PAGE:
RKL: Man, I remember seeing City of Lost Children at the cinema years ago when I first dropped. It warped my little mind and I've never looked back. I'm impressed that I got that reference but also more impressed you guys are using it as a touchstone, though I can understand why you haven't name-checked it much (though you totally should!). I can't believe you get to just randomly bump into Riley Rossmo! The man is quickly becoming a legend and comic artist phenom so that's kind of awesome to see how simply, but randomly, it all came together. It seems like you two collaborate pretty tightly, and with you being able to pop around and hover over the art it seems like it would be easy to shoot the story through together. Are there certain aspects you're letting Riley cut loose on or is it all pretty tightly woven because you two have been working this all together for so long? Also, how did you get him to draw a lead that didn't have sideburns? Was that tough?

Wiebe: I've kept the script fairly loose as far as camera angles and how Riley fills out the panels beyond what I've set out. Given that we've built Green Wake together, we know exactly what works and what doesn't in the setting of scenes, both backgrounds and character extras. That allows me to trust Riley to do what he does best, and that's fill the world with lots of interesting visuals. It's the perfect collaboration and when I write the script, I deliberately leave room for him to play in. That kind of creative freedom has led to a lot of amazing panels, and has kept me surprised as the pages come in.

And, if you've seen any pictures of me floating around the vast network of the tubes, you'll notice I often sport a full beard. Riley and I reached an agreement: he can touch my beard as long as Morley remains sideburn free. I think it was a compromise he was happy with.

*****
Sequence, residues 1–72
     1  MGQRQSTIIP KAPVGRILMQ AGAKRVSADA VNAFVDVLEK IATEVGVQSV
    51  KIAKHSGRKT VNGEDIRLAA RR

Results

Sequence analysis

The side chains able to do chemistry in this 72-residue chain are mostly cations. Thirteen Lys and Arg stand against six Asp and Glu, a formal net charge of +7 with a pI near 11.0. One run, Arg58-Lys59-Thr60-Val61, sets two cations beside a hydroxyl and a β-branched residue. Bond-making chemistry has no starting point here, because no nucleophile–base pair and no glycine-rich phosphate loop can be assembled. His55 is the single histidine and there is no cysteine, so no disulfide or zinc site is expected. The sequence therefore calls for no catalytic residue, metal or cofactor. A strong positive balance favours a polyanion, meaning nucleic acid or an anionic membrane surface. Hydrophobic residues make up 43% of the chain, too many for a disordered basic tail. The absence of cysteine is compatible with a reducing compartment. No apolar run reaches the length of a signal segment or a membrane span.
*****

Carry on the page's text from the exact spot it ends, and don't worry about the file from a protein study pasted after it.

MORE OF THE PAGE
RKL: Are there instances of you seeing Riley's work and tweaking the script to suit what he's doing and the brain explosions seeing his art must inspire?

Wiebe: Definitely. There hasn't been any reverse revisions where I've gone back to change anything after he's illustrated it, but without a doubt I've been inspired with story ideas based on either conceptual art he's messed around with or small details he's put into panels. On top of that, when he shows me his work in person, we often will sit and talk over coffee about what comes next. I enjoy that we both have developed this world and when Riley has an idea he wants to try, it's in my best interest to work with him because it keeps him 100% involved and that shines through in the final product. I still maintain this is his best work yet, and it just gets better with each issue.

RKL: You also mention your work at Red 5. I'm sure many don't know (I had to do some digging) but you had something published by them before The Intrepids sold out through Image - it was a little comic called Beautiful Creatures (you can get it for a buck an issue on the ComiXology app). It's an updates fairy tale about 4 women who find out they're tied to forces and powers they didn't quite know existed. How did you eventually get that into the hands of Red 5 and has it served as a calling card of sorts?

Wiebe: That actually came about through a connection as well. I'm friends with someone who's really tight with Paul Ens, one of the founders of Red 5 Comics. Through that mutual friendship, I was able to get in contact with Red 5 very early on and was able to get together a few pitches directly into the right hands. Beautiful Creatures was eventually what they chose to publish.

Unfortunately, it didn't receive many orders and barely made it to print because of the low demand. It actually received a high percentage of very favourable reviews but never got much word of mouth after its release. I was happy with how the book turned out, the only thing I would've changed was making it a 6 issue series rather than 4. I had to sacrifice a lot of character development to get the story arc finished in that short space. It was a definite learning experience in pacing and plotting, and I'm grateful for the experience as it groomed me for the work I'm doing now.

RKL: With such a short career, you've really worked hard to write such disparate books. Beautiful Creatures has a fairy tale flow, The Intrepids is retro-pulp spy-fu, and now Green Wake is haunting noir through a sci-fi-horror lens. Is this you trying to find yourself as a writer or do all of these genres construct exactly who you are?